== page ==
Making an Impact
As the top liberal arts university in Hong Kong, Lingnan University (LU) has encouraged faculty members and students to contribute and make an impact to society through research and knowledge transfer.
Professor Joshua Mok Ka-ho, LU’s Vice-President, says that the university’s unique pool of experienced scholars in the arts, business, and social sciences disciplines combine scholarly work with applied, policy-oriented research. It addresses topics in areas like finance, fiscal and monetary policy, cultural policy, creative industries, health and aging, population, and institutions and governance.
Mok is also a chair professor of Lam Man Tsan Comparative Policy, the director of the Division of Graduate Studies, and the director of the Asia-Pacific Institute of Ageing Studies.
Outstanding results reflect success
To show how well the university’s research has performed, Mok points out the LU’s outstanding results in the 2017/18 funding exercise of the Research Grants Council’s General Research Fund (GRF), the Early Career Scheme (ECS), and the Humanities and Social Sciences Prestigious Fellowship Scheme (HSSPFS).
LU has successfully obtained funding for 16 GRF and six ECS projects, with a total amount of about HK$7.4 million. “Compared with last year, we more than doubled the number of successful projects and saw a 61 per cent increase in funding,” Mok says.
“It is a recognition of the university’s research performance,” he says.
The significance of knowledge transfer
Vice-President Mok says that LU has made great strides in engaging academics in knowledge transfer so they can achieve impact from research and their professional knowledge. He says success is seen “not only in the number of projects completed, but also in the new platforms established, and the new opportunities identified”.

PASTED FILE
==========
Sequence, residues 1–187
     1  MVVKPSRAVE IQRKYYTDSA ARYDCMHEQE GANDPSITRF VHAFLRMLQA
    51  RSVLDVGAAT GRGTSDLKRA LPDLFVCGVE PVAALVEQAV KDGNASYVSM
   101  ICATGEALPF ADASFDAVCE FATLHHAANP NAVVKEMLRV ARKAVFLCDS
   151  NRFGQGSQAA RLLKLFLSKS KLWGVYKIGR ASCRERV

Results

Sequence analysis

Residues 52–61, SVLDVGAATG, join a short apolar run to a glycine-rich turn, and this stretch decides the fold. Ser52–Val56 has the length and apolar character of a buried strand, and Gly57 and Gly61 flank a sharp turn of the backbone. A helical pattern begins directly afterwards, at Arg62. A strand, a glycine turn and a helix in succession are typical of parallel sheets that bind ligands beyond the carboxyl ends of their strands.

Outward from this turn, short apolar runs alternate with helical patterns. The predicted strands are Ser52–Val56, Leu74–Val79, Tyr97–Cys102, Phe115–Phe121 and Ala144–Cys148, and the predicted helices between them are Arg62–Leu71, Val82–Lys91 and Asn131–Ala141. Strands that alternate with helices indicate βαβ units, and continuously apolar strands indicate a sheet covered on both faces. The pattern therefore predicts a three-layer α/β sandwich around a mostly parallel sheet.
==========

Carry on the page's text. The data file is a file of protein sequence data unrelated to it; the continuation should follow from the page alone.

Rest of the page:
Mok says that LU allows undergraduates to participate in research work with researchers. “This approach can inspire the students and the researchers, and raise the standard of the research,” he says.
To project the message that knowledge transfer is a university-wide endeavour, Mok says that the university has launched a new internal funding scheme, the Knowledge Transfer Project Fund (KTF). This is open to academic staff from all faculties, departments, and research centres. In 2014/15, a total of 12 projects were funded.
Mok says that a significant rise from 38 to 51 was recorded in the number of consultancy, contract, and collaborative research projects, as well as social and community projects, undertaken by academic staff. In terms of income, there was an increase from HK$15 million to HK$18 million.
Research works influence policymaking
Mok says that “research” and “education” cannot be separated, and that excellent research can influence policymaking. He points out that LU’s practice of letting students join relevant research projects helps them to become inspired, and eventually leads to enhanced critical thinking ability.
More than HK$2.8 million of funds have been secured by LU’s researchers in recent bids for competitive grants to support policy-related research in areas of social, political, and financial developments.
Real cases include “A study of contracting out social services and changing welfare governance in China”, with a grant from the General Research Fund of Research Grants Council. There was also “Deriving public policy for Hong Kong as an infrastructure financing hub and super-connector in project finance: the Belt and Road Initiative”, which was supported by the Public Policy Research Funding Scheme run by the Central Policy Unit, etc.
Mok praises the university’s researchers, who have generated new ideas on provision of social service and policy measures to address concrete social problems. Examples include ideas arising from the research projects “E-learning project benefits underprivileged in rural China”, and “Helping children with traumatic experience through the language of art” (a GRF grant project).
Mok recalls that in 2016, the university partnered with other renowned overseas universities to set up the Centre for Global Higher Education (CGHE). This is the largest research centre in the world to focus on higher education and its future development.
Mok adds that CGHE is led by the University College London Institute of Education. Apart from LU, its other partner universities are located in Asia, Europe, the US, and South Africa. Mok is CGHE’s International Collaborator.
LU has joined forces with 12 universities outside of Hong Kong to establish the Asia-Pacific Higher Education Research Partnership (APHERP), which promotes higher education research. APHERP plans to launch an international postgraduate programme.